Air quality: How to protect your pets from wildfire smoke

As air quality worsens due to Canadian wildfire smoke clouding Ontario, Quebec and parts of the US, residents are warning experts should be cautious of the health impacts. We already know that smoke particles can be particularly harsh on the elderly, children and those with breathing conditions — but pets aren’t immune, either.

In a special air quality statement issued Thursday, Environment Canada and the Province of Ontario cautioned that poor air quality “may persist into the weekend.”

For humans, protection looks like mask-wearing, closing doors and windows, and limited exposure to the smoke, according to the experts.

So what do these conditions mean for pets who would usually go out for a much-needed walk, and how can pet owners protect them?

Toronto Humane Society Chief Veterinary Officer Dr. Karen Ward and Senior Manager of Shelter Medicine Advancement Dr. Linda Jacobson offers some advice.

Air quality and impact of wildfire smoke on pets

Many of the respiratory risks from breathing contaminated air are shared by pets and pet owners alike. Wildfire smoke can be harmful to the health of every living thing, even at low concentrations. In the short term, it is common for animals to experience irritation, eye redness and coughing when exposed to air pollutants.

Underlying health issues or respiratory diseases, especially for brachycephalic dog breeds such as bulldogs and boxes (dogs with skull bones that are shorter in length), or older animals are at further health risk.

Chronic conditions such as shortness of breath or respiratory distress are only typically seen in cases with long-term smoke inhalation, something Jacobson says shouldn’t be a problem at the moment. Exercise intolerance, excessive coughing and unusual tiredness or weakness are the first signs your pet may need veterinary attention.

When should you keep your pet indoors?

“A lot of common sense things that people are doing for themselves are going to help animals,” Ward said.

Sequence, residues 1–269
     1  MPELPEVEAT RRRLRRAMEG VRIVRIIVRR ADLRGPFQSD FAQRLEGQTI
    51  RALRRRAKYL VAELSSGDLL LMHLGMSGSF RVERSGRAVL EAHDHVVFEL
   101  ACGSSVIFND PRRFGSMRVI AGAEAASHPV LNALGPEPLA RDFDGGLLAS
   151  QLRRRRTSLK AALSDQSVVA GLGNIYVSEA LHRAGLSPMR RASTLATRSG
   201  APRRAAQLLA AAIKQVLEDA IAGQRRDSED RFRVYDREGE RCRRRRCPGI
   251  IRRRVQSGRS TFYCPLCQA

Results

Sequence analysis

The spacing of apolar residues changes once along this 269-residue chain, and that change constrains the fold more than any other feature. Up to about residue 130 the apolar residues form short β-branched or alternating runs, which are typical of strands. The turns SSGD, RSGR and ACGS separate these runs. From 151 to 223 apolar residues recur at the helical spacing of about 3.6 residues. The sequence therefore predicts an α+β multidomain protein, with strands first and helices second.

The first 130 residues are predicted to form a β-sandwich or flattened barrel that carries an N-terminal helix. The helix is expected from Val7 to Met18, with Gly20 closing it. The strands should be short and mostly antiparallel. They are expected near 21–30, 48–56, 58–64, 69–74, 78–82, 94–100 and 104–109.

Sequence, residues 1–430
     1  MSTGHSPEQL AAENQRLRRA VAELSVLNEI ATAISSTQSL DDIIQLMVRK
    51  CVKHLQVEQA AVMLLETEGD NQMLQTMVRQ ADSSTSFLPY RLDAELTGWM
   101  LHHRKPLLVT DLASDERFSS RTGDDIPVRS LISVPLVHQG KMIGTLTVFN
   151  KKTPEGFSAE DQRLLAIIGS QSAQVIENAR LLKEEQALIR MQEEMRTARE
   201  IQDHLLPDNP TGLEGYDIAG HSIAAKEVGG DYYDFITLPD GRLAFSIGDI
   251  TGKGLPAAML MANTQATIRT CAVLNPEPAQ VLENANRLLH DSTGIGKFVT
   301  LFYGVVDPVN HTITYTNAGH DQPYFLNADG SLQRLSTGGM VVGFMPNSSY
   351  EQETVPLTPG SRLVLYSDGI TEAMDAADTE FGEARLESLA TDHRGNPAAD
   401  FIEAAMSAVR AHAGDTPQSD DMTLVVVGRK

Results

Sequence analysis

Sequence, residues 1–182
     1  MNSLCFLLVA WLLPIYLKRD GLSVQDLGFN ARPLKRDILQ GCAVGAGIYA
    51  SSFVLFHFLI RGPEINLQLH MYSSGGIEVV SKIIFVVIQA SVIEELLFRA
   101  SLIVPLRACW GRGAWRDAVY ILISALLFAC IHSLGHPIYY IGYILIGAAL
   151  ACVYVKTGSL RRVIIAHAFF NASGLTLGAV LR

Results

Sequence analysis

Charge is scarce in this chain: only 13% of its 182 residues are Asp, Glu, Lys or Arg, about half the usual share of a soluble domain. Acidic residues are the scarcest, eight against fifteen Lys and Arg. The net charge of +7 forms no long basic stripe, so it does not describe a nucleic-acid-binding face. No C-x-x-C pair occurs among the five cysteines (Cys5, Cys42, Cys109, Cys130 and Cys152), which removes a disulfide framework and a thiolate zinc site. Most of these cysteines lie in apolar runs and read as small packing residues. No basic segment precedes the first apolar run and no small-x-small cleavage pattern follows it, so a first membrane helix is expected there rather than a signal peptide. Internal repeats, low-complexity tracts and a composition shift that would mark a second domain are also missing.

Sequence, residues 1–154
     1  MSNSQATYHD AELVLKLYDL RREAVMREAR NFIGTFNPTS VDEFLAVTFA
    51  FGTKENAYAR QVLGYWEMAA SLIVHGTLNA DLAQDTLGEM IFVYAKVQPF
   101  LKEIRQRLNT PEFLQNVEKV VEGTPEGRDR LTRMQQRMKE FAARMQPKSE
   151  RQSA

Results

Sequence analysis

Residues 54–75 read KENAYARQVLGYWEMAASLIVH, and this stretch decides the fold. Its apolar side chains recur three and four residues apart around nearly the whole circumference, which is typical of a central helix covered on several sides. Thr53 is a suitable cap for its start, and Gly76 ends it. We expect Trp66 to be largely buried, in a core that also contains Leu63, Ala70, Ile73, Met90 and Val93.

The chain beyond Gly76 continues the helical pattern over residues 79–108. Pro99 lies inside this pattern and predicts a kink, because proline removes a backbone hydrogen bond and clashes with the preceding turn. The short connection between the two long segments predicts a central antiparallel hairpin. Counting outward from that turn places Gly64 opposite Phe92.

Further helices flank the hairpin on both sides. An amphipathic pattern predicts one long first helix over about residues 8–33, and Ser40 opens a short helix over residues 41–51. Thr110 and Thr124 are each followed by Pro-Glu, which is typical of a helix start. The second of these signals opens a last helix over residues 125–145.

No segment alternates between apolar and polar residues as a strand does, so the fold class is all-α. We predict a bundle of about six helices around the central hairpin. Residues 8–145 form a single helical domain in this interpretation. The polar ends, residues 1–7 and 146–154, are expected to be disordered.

Keeping animals indoors when the air quality is poor is the best way to avoid health complications, even if it means limiting balcony access for your feline friend.

Making sure they’re in enclosed spaces with closed windows, and have access to purified air circulation, are strongly recommended. Animals, especially those with underlying health issues, should be monitored closely to ensure “their general demeanor is okay,” Ward said.

Owners might also consider the time of day and type of walk when taking their dogs out. Dr. Ward said owners should consider walking their dogs out when the air quality and temperature humidity are expected to be at the lowest level of risk during the day.

In a University of Calgary news article cited by Toronto Public Health, animals should be kept indoors when the AQI is greater than 150.

Long stays outdoors are discouraged to avoid seeing “behavioral health and well-being” impacts, and exercising outdoors during the coming days should also be limited.

“If they (pets) are going to the park and start ripping, running, tearing, playing and breathing heavily, they’re going to be breathing in more of that air and more deeply,” Ward said.

With files from Kevin Jiang and Joshua Chong


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